9. Summer tour season is coming to a close and I was wondering what everyone does during the fall and winter if they don't stay with their company for off-season work. The thought of going back to CFI work isn't very appealing nor do I expect a lot of schools to be looking to hire someone who is clearly only going to be there until April. I am ready to pay for 22 time to keep from getting rusty if it comes down to it. Is not flying for several months a huge factor when it comes to getting hired again in the spring? Any stories of pilots finding a first turbine job after such down time? ‚ÄčAny stories of pilots hitting a roadblock because of this? Thanks
  10. I used the Post 911 to get my CFII. Ended up paying $6,000 for out of state tuition but also got a pell grant for $5,000. Amazing! My advice to you is start saving money while you are active duty now so that you can survive the years after training. The stipend is good for getting through school but the pay blows as a CFI and most other low level jobs. More importantly, a lot of my students that didn't get picked up at the school had trouble getting by and not having the money to fly around the country to do job interviews for instructor positions.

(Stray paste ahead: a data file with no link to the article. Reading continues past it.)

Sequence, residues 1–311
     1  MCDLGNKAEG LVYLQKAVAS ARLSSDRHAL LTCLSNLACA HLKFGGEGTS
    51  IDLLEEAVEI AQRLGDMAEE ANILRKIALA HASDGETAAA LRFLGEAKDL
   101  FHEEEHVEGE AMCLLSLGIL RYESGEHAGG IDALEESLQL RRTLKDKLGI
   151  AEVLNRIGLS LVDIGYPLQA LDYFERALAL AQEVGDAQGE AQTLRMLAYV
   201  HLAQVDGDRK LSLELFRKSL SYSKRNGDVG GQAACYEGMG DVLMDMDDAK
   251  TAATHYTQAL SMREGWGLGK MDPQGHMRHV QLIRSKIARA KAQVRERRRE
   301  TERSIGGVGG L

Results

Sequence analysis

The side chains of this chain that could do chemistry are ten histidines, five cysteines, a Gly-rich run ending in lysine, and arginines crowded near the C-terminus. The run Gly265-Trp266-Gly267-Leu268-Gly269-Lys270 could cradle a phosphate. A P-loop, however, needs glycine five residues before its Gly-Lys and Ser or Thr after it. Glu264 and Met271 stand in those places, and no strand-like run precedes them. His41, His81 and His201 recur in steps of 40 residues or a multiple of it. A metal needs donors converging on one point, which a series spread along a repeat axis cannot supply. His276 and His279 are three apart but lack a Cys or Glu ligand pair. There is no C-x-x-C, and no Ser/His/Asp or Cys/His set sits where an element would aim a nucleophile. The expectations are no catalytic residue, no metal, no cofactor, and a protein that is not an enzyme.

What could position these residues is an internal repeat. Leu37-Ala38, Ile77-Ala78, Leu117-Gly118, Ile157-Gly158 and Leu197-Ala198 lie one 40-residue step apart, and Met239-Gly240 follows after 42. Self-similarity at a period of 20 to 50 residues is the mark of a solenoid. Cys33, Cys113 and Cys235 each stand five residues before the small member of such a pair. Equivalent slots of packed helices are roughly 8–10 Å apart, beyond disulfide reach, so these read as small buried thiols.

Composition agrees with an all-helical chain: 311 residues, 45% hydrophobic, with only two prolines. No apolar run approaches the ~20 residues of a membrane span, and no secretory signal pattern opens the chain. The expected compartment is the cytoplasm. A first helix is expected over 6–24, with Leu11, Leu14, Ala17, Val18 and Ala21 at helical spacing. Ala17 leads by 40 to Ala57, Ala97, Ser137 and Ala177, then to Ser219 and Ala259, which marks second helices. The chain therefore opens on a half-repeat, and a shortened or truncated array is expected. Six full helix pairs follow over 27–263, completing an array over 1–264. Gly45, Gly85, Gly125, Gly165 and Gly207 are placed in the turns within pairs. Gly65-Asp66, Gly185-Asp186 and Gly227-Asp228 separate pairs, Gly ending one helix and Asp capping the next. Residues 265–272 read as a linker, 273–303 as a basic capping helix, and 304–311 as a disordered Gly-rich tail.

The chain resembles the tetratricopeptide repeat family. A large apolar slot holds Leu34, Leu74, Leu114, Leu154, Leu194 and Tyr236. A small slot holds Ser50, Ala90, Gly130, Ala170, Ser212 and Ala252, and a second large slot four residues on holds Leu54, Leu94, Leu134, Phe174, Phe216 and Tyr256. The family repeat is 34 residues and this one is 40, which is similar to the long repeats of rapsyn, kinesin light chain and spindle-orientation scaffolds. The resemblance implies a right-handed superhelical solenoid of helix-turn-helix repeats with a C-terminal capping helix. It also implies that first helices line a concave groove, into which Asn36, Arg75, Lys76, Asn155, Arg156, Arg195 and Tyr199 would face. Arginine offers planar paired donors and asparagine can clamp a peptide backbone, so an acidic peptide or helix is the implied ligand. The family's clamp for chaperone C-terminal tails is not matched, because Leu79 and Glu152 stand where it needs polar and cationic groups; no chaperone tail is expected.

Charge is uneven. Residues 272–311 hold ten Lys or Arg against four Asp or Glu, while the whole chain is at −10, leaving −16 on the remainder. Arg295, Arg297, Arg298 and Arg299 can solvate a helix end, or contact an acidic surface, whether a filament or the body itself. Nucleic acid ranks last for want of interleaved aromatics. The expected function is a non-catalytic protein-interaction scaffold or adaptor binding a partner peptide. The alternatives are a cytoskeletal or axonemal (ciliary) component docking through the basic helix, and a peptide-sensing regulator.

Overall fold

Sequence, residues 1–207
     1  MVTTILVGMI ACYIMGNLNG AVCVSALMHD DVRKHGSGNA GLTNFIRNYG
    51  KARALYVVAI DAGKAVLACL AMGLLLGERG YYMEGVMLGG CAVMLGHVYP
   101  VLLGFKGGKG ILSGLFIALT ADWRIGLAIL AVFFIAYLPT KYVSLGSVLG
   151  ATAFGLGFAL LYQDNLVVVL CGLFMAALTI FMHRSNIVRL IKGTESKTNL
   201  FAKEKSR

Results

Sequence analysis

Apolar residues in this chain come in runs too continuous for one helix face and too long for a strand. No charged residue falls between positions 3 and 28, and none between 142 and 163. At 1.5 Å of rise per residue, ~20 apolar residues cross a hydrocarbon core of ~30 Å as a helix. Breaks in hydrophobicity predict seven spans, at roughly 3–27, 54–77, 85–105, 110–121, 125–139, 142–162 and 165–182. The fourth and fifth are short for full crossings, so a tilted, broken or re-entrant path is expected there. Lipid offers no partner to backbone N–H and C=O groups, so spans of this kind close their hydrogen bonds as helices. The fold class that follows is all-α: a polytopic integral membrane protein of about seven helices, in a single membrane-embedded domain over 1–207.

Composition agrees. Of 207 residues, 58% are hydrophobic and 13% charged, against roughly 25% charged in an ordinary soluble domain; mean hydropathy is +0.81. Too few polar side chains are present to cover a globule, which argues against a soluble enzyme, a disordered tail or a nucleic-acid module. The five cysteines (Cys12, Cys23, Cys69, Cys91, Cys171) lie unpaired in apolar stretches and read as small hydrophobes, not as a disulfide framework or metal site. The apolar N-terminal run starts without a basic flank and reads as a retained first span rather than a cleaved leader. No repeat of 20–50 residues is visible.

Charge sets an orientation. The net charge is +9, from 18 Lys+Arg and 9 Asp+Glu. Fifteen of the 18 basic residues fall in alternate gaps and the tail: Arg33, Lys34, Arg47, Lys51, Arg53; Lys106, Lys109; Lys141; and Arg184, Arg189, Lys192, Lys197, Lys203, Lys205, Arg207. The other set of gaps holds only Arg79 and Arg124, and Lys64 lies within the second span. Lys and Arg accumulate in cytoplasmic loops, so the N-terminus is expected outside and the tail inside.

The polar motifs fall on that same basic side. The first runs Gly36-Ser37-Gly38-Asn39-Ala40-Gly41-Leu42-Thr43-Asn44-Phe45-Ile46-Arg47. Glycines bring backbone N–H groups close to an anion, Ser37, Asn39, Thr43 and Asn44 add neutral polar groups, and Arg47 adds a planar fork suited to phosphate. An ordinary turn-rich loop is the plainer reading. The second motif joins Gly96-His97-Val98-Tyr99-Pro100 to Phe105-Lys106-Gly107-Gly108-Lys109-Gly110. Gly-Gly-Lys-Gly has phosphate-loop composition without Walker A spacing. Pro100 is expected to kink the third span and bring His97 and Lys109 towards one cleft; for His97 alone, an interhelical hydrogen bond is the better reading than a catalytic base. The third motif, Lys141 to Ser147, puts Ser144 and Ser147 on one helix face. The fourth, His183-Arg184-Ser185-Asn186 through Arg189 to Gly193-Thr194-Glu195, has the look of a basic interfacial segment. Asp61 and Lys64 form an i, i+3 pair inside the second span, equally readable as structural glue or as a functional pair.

11. It has something to do with the type certification and the requirements at the time the aircraft was developed. That information is in the R-44 POH because it has to be there and not because robinson felt that you needed it. It should also be in any other newish helicopter POH and not in something like a jet ranger POH. I believe the R-22 certification is under some old rule and the R-44 is under Part 27. I don't really remember the specifics but someone else will... Robinson is ok with you doing anything you want in an auto as long as you don't crash.